Paleo Shrimp Chow Mein

April 2, 2012 in Categories: , by

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I love Asian flavors and learned to cook simplified versions of my favorite dishes when I was still a teenager living at home.  Some of these dishes can be fairly easily modified for a paleo diet.  The trick with this paleo chow mein is to use kelp noodles instead of the usual chow mein noodles.  Kelp Noodles can be easily found in any Asian grocery store but are also available online from amazon (which is where I buy mine using Subsribe & Save).  They have a flavor that works brilliantly in asian dishes, hold up well to the high heat cooking, and are so fun to eat that my kids beg for chow mein just for the noodles (my husband and I think the shrimp is the real treat here, but to each his own!).  They are also high in iodine, which is great for anyone dealing with thyroid issues. 

Ingredients:

1.    Soak dried mushrooms in warm water for 30 minutes (or follow the package directions).  Rinse and then slice into thin strips.
2.    Rinse and dry shrimp.  Toss with wine and let sit for 15 minutes.
3.    Slice carrots into 1” rounds, flip the rounds over and then slice into 1/8” rectangles.  Wash and trim stems off snow peas.  Slice onion into ½” wedges.  Mince garlic.  Drain and rinse water chestnuts and bamboo shoots.  Remove kelp noodles from package and rinse with cold water (or follow package directions).
4.    Heat a wok over medium-high heat.  Add coconut oil to hot walk.  Add garlic and stir until fragrant, about 1 minute. 
5.    Add shrimp and wine to wok.  Cook, stirring frequently, until shrimp are cooked (until they just turn pink).  Remove shrimp from the walk (leave any juices in the wok though) and set aside.
6.    Add onion and carrot to the wok with bone broth and coconut aminos.  Cook, stirring frequently, for 3-4 minutes (just giving them a head start on the other vegetables).  The broth should be boiling.  If not, turn up to high heat.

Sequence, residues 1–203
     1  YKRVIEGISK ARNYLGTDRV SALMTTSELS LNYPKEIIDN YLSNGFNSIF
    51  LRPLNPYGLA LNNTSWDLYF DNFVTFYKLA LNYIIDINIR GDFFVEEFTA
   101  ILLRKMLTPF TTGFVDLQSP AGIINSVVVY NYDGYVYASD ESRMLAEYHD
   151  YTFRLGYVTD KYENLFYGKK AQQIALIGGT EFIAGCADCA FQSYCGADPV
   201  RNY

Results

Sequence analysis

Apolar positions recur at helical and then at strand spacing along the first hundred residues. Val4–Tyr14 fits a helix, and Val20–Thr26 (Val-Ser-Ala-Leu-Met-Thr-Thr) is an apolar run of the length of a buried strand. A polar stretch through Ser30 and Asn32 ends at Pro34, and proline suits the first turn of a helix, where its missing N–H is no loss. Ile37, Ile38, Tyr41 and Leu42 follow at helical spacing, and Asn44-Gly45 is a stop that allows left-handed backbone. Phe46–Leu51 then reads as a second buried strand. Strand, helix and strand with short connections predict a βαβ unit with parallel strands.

7.    Add the remainder of the vegetables to the wok.  Cook ,stirring frequently, until the vegetables are cooked but still al dente, about 6-8 minutes.
8.    Add the shrimp (and any juices) back to the wok.  Stir to combine.
9.    Push the shrimp and veggies to the side of the wok to create a little hole in the middle.  Place the kelp noodles in the hole.  Let them simmer in the broth for 2-3 minutes, then start stirring to break up the kelp noodles and distribute throughout the chow mein (another 1-2 minutes). 
10.  Garnish with chopped green onion and enjoy!

 

Comments

Aren’t kelp noodles highly processed? I’m just wondering if I should be eating that. I don’t think kelp noodles come that way so there must be some kind of process, chemical or otherwise, that makes kelp into noodles. Do you happen to have any info on that? I’m going to try the AIP because I have Celiac disease and I still get sick. Most recently I have been getting sick from eggs, out of the blue, been eating them without a problem and now I get stomach cramps and diarrhea when I eat eggs. So frustrating. I think I’m doing well eating all paleo and giving up so many foods that I like but something is still not right with me. I just want to cry.

Hello, can the Kelp noodles be used on the Autoimmune Paleo diet.Are they in a fermented liquid. I have also tried the Miracle noodle (shirataki) but did not do well with these. Are the Miracle noodle also allowed on the diet. I have many food sensitivities so trial and error is normal for me.

Kelp noodles are AIP friendly. Sarah uses them in this recipe: http://www.thepaleomom.com/2012/09/japanese-inspired-whitefish-and-noodle-soup.html Regarding the miracle/shirataki: they are made from a pectin-like soluble and highly, highly fermentable fiber called glucomannan. There is some evidence that glucocannan can stimulate the immune system (specifically Th2, which is why it might help some immune diseases and make other worse), plus because it is one of the most highly fermentable fibers in existance, it has the possibility of feeding overgrowth. She advises to be cautious with those products. — Tamar, Sarah’s assistant

If you cook them longer, they soften a little, but they’ll always retain a little crunch. You might want to try sweet potato noodles instead (boil them for 5 minutes before adding to the stir-fry).

My doctor put me on a very strict elimination diet that sounds like it is in-line with the AIP, but I can’t have alcohol. Is there something I can substitute for the white wine?

Hi Sarah, how about sweet potatoe noodles seen them in Chinese shops and is much cheaper. Is this Paleo friendly since it’s made from Sweet potatoes? Also is it not gut irritant? Thank you!

Yes, I second the question about sweet potato noodles. One type of sweet potato noodles’ ingredients list is: sweet potato starch; that’s it. Is this safe to eat?

I was eating a different brand of sweet potato noodles which has 4 ingredients: sweet potato starch, malic acid, xanthan gum, sodium alginate. Last time I ate it, I got cramps, is there somehing in it I need to avoid? I presume that not all sweet potato noodles are made the same?

Btw, I’m don’t like kelp noodles, I don’t like the flavor or texture, it’s like eating squeaky, crunchy smelly ocean flavor. Ironically, I enjoy eating kelp in it’s orginal form.

Thanks!

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